In my previous article, I suggested (and I have developed this at length in my book “Who Is My Enemy?“) that certain parallels exist between the Christian “Justifiable War Tradition” and the classical teachings in Islam regarding the justifiable exercise of warfare.
For example, in both, warfare should not target noncombatants, and the opponent should be allowed space to appeal for a cessation of hostilities.

Moreover, I observed that the early church insisted that warfare was not a legitimate exercise by disciples of Jesus. The so-called “just war tradition” (JWT) entered the history of the church in the fourth century A.D., not the first century.

Thus, we are left with the troubling possibility that the ethic regarding war of the mainstream of U.S. Christians is more like Muhammad than Jesus.

But today I want to suggest another often overlooked observation: that, in fact, most U.S. Christians are altogether ignorant of the limits of the JWT.

In the absence of a rigorous moral system to help the church think through its participation in war, other less-worthy motives and moral justifications are at work.

In place of a rigorous engagement with the best of the Christian tradition on the limits of war, we fall prey to a “love it or leave it” nationalism, an unthinking flag-waving patriotism or a non-reflective (and non-Christian) “realism” that grants us a certain moral “normativity” to the practice of war.

For years, in teaching my ethics courses, I have asked my students how many of them have been taught the limits or criteria of the JWT in sermons or Sunday school classes.

Fourteen years now of teaching undergraduates has yielded virtually no affirmative responses.

If we are not teaching the criteria, how can we possibly think we have the moral formation to ward off the amorous advances of the war-makers, flag-wavers and those who would have us hate and kill our enemies?

In fact, the history of war-making in the last 150 years has entailed the increasing demise of many limits in war.

There are, we should note, important exceptions and admirable efforts on the part of some to limit death and destruction to civilians.

But, at the same time, there is an appalling lack of discussion in our churches regarding the imperialist and terror-wielding exercise of war among those we deem the “good guys.”

Consider even “the good war.” World War II is a war that most all interpreters would count as having begun with a “justifiable cause.” And when the Germans began bombing civilians in the Blitzkrieg, their actions were deemed immoral and reprehensible – as indeed the best of the Christian (and the best of the Islamic) tradition would insist.

But, before long, Churchill and the British insisted that firebombing German cities – intentionally targeting civilians sleeping in their homes – was a morally legitimate exercise.

The policy was intended, said a government document, “to destroy the morale of the enemy civilian population and, in particular, of the industrial workers.”

The Royal Air Force would drop bombs on 131 cities according to the account in W.G. Sebald’s “On the Natural History of Destruction.” Many of these cities were, Sebald reports, “almost entirely flattened,” killing around 600,000 civilians and destroying 3.5 million homes.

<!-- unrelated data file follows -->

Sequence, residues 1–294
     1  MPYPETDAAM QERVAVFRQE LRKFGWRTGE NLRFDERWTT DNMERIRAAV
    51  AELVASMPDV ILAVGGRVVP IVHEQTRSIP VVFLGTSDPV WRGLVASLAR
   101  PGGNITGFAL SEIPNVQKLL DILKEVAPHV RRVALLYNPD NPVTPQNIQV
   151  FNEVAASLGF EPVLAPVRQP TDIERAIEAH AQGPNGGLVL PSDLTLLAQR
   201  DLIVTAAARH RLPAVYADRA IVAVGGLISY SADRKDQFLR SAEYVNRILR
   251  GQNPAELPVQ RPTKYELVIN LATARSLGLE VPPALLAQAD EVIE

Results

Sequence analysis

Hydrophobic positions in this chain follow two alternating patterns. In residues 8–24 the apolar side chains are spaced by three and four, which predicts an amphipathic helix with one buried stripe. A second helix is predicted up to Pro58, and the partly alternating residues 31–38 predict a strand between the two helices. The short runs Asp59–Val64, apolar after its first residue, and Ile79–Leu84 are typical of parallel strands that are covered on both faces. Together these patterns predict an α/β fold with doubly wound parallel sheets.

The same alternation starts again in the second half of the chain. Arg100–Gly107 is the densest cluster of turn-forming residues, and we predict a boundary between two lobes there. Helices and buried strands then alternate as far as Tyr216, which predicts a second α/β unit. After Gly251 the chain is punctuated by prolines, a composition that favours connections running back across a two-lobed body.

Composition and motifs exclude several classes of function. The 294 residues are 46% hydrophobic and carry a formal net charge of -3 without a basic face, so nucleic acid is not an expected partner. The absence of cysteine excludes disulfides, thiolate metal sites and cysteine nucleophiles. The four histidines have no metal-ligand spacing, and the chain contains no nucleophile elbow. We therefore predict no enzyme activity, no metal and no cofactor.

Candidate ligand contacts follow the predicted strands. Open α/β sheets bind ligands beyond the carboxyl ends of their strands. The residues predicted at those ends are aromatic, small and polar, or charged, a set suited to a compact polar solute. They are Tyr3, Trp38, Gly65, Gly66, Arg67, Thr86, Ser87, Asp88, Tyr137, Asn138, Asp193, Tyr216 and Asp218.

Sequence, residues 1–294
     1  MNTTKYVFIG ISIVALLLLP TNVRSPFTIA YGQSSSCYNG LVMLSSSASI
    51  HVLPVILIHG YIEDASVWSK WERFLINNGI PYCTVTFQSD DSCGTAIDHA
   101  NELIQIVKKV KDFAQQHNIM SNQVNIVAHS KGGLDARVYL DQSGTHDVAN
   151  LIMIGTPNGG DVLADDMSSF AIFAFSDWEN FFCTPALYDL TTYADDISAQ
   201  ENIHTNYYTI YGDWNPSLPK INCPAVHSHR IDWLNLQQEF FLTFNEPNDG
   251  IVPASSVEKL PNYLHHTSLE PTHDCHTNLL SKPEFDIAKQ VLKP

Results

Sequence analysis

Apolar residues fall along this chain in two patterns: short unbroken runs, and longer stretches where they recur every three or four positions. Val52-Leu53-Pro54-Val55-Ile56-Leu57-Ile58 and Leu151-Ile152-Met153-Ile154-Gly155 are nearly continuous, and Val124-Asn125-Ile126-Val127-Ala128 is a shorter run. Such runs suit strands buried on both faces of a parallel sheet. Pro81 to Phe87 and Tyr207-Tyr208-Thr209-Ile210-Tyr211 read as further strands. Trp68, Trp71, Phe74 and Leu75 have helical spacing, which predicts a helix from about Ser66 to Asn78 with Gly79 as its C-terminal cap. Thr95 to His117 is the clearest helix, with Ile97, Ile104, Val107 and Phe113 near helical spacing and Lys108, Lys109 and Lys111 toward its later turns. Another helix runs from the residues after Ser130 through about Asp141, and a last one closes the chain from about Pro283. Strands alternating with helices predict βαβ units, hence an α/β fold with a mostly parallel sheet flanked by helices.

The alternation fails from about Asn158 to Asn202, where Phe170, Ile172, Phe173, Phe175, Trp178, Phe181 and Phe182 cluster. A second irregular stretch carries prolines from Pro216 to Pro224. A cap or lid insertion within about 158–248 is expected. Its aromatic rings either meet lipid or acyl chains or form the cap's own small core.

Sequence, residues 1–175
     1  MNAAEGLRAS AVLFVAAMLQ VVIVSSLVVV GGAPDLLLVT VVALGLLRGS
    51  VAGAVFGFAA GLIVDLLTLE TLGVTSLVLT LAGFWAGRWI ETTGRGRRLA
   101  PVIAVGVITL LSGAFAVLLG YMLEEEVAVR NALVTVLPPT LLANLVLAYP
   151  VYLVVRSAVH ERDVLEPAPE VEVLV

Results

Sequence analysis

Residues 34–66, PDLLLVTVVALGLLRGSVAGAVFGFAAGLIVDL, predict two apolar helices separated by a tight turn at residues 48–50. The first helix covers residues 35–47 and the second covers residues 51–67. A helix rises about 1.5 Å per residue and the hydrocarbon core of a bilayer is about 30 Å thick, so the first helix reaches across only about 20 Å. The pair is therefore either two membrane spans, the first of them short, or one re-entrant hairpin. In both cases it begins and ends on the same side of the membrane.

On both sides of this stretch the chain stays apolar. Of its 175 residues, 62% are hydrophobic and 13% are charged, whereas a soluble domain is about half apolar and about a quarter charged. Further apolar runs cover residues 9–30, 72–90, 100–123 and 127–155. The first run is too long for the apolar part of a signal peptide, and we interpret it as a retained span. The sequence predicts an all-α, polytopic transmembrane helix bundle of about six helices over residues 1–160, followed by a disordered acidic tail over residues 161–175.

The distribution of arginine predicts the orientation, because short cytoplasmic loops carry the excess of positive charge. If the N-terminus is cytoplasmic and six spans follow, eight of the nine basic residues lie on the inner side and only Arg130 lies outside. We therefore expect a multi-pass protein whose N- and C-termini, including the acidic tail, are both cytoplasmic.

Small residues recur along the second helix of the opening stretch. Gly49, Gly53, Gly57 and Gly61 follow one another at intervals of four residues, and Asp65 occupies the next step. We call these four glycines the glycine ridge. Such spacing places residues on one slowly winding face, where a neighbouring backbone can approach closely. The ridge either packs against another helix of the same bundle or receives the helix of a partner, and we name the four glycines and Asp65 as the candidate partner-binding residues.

This is, of course, the very language, logic and practice of terrorism.

Of course, a very similar setting aside of the restraints of the JWT occurred in the U.S. fire-bombing of Japanese cities, and that before we even get to the horror of the atom bombing of Hiroshima and Nagasaki.

Some may begin to fear that I am somehow advocating some pernicious form of “moral equivalency.”

One way a “moral equivalency” argument might proceed is as follows: “Yes, our enemy did this horrific thing, but so did we and, thus, we should not condemn our enemy’s horror because we are just as guilty.”

In fact, I am suggesting that warring often proceeds upon a “moral equivalency” basis, but in an upside-down fashion.

That is, we point out the horrors our enemies commit, and then thereby justify our own horrors based upon the prior horror.

This is, in fact, one way Osama bin Laden justified his own targeting of civilians in the United States – he pointed to the fact (a little disputed fact, of which I would guess the vast majority of U.S. citizens are altogether unaware) that following the first Gulf War, the economic sanctions leveled against Iraq led to the death of some half-million children age 5 and younger.

Since U.S. citizens put up with the gross atrocities of its government, they thereby became legitimate targets.

But U.S. culture does not, by and large, tell those tales when we are sorting through whether we should engage in war-making. It does not tell the tale of the deaths of children in Iraq or remember the:

â—     Widespread killing of hundreds of thousands of civilians by our bombs in World War II

â—     Senseless slaughter of Filipinos in a war that was deemed an advancement of Christianity westward throughout the Pacific region

â—     Genocide of Native Americans

Instead, we tell the tales that justify our own aggression and our own terrorism, our own killing of civilians and our own warring with “God on our side.”

Lee C. Camp is a professor of theology and ethics at Lipscomb University in Nashville, Tenn. He is the author of “Who Is My Enemy? Questions American Christians Must Face about Islam and Themselves” available on Amazon and is the host of Nashville’s “Tokens” Show.

Editor’s note: Cliff Vaughn recently spoke with Camp about the “Tokens” show in a Skype interview, which can be viewed here. Camp’s previous column on Christian-Muslim relationships is available here.

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